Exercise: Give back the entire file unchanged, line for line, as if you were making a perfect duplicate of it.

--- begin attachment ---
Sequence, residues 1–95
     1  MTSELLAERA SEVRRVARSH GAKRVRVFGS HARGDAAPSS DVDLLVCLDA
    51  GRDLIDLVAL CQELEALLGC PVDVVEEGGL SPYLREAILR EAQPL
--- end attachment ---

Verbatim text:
Sequence, residues 1–95
     1  MTSELLAERA SEVRRVARSH GAKRVRVFGS HARGDAAPSS DVDLLVCLDA
    51  GRDLIDLVAL CQELEALLGC PVDVVEEGGL SPYLREAILR EAQPL